As we were scrolling through old photos to get ready for the Suspension Clinic, we came across plenty of really cool mountain bikes from the 90s. For riders who got their start back in that glorious era, it's hilarious and yet somehow incredible to look back at the technology of that era.
Manufacturers were just beginning to work with new materials in designs on the road side of things, and some of that quickly made the jump to what was a sport just finding its legs. Mountain biking exploded in the early 90s, and brands were eager to promise the Holy Trinity of cycling, which they still promise today; lighter, stiffer, faster bikes. And just how they did that varied wildly, and looked even more wild.
Hard tails offered cantilever brakes and suspension forks from Rock Shox and Manitou, but those were still in their infancy. Most offered zero adjustment rubber elastamer travel, some with as little as 20mm. Many riders opted just to stick with their classic steel forks; at least those were reliable! Steel was still king, but aluminum was offered at more and more price points as the decade progressed, ultimately becoming the default material.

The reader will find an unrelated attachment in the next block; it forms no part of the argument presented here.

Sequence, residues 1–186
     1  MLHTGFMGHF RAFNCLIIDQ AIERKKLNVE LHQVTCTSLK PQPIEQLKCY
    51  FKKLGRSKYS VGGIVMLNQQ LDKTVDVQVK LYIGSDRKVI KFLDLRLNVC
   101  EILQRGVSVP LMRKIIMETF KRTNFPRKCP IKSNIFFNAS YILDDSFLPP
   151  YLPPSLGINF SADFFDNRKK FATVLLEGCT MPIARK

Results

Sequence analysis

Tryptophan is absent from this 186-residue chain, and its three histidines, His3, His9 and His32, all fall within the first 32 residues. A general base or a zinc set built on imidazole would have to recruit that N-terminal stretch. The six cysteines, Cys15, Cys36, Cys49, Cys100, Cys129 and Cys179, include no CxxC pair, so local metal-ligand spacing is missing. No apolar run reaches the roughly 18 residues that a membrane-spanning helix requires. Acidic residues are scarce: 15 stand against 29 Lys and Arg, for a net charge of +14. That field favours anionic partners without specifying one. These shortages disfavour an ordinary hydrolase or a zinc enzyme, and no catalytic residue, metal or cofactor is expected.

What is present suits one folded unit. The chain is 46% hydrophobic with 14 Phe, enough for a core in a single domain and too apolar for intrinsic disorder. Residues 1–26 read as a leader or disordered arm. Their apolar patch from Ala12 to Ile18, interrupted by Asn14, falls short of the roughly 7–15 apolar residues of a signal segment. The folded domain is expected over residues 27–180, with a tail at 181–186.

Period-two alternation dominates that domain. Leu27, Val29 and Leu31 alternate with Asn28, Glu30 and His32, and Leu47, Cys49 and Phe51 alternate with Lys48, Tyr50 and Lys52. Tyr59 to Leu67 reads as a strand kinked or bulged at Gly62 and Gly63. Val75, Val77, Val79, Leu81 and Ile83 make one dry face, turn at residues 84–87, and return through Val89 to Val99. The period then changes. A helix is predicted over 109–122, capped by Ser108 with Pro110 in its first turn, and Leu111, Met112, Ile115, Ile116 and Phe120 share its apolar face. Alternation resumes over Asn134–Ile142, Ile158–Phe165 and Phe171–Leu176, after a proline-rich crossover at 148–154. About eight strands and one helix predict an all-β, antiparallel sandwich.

Kona was just a toddler, popping up in 1988 and offering one of the wildest full suspension designs of the era. By 1998, the designers had concocted the Stinky 5, which weighed about 500 pounds, bobbed like crazy, but looked just incredible. The bike was nothing if not bold.
Of course the iconic design of the 90s was the Klein. The hardtail option, the Attitude, is still lust-worthy, and we know plenty of riders who still ride theirs around the neighborhood and even on the trails when the tug of nostalgia becomes a bit too much to ignore. It was the Mantra, though, that really set the tone for the outlandish era of full suspension. There's a sense that the designers of the day were really reaching for something, knew they were reaching for something, and just didn't care if it came out just off the mark. By 1999, the Mantra had reached its zenith; Specialized, Trek, and Cannondale would all have Y-bike options well entrenched, and full suspension bikes weren't a novelty anymore.
What did change, however, were the expectations of riders. After a decade of 'dual suspension', they were less forgiving with pedal bob, blown out pivots, and bikes that weighed well over 30 pounds just to have a few measly millimeters of travel. Like anything else in the industry, the drive was on to improve the design and materials of full suspension to get us to where we are today. The craziest thing to think about is where we are now and where bikes will be in another twenty years; maybe the Mantra won't look so strange by 2040!